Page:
How to Handle Someone With Alzheimer's Who Wanders
Wandering Is Common During Mid- and Later-Stage Alzheimer's
If someone with Alzheimer's wanders, first consider the causes
"Wandering," which includes pacing restlessly in a room, meandering aimlessly through the house, or wandering away from home or from companions in a public place, is no small hazard: People with Alzheimer's have been known to wander away from homes or nursing facilities and been found very ill or even dead from stress, lack of proper medication, or exposure to the elements.
The first step to ensuring a patient's safety is to think about what might prompt the wandering.
Look for the trigger
- If the behavior is new, determine if there have been any big changes in her life. A recent move or change of caregiver can be stressful, for example, and frustration and anxiety can cause wandering. Take extra measures to calm her in stressful times, such as going on fewer outings and following a steady routine. A new medication could be causing agitation as a side effect; mention the wandering to the prescribing doctor.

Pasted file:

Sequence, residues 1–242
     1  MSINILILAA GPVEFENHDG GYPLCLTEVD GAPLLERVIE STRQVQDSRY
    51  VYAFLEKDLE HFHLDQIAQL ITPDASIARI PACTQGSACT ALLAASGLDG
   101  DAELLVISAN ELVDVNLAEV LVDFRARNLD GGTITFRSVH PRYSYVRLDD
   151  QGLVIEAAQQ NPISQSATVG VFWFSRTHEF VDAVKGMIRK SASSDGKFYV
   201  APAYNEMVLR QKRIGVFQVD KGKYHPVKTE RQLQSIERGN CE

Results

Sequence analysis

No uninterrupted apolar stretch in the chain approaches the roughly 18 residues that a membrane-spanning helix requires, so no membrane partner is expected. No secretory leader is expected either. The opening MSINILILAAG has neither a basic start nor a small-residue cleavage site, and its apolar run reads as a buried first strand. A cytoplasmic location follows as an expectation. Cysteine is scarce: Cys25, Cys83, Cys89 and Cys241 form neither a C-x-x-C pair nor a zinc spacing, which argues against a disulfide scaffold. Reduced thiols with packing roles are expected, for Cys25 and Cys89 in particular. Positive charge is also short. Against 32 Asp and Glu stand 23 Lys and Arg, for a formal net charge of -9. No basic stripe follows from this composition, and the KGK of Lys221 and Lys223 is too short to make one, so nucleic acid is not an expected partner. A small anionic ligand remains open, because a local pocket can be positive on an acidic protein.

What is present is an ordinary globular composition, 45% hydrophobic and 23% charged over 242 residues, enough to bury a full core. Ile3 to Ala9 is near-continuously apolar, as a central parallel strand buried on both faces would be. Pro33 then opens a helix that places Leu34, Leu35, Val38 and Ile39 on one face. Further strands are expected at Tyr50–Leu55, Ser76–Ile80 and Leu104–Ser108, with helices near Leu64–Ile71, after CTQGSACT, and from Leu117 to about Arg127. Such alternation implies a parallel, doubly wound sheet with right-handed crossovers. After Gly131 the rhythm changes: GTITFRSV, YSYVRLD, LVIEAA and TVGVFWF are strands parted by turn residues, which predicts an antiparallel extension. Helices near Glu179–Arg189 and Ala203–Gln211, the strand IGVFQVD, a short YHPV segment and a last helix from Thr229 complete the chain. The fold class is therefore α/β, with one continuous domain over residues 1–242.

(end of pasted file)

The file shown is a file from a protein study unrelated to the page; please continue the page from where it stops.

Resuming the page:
- Look for a pattern in wandering episodes. If it always happens at night, for example, it could indicate fear or loneliness and she may need extra support after dark. If it's at mealtimes, she may be hungry or thirsty and unable to follow through on these desires. Some people wander at specific times linked to activities from their previous work life or other former routines.
- Assess whether your friend or relative is busy enough. Sheer boredom is a common cause of wandering. She should ideally have access to a variety of activities (sorting laundry or blocks, making art or crafts, watching calm nature-type videos, and talking). It's also good to provide some time out of doors with a companion and some interaction with other people.
Reduce temptations and stressors
- Keep keys out of sight. A friend or relative who has Alzheimer's that's severe enough to include wandering shouldn't be driving. But she may still recognize keys left hanging in a familiar place and drive off -- even if you don't think she has memories of driving or still knows how.
- Avoid crowds. Crowded situations can produce stress that leads to wandering once she's back at home. And from a practical standpoint, it's hard to keep track of someone who wanders when you're in a shopping mall, fair, or other large public gathering.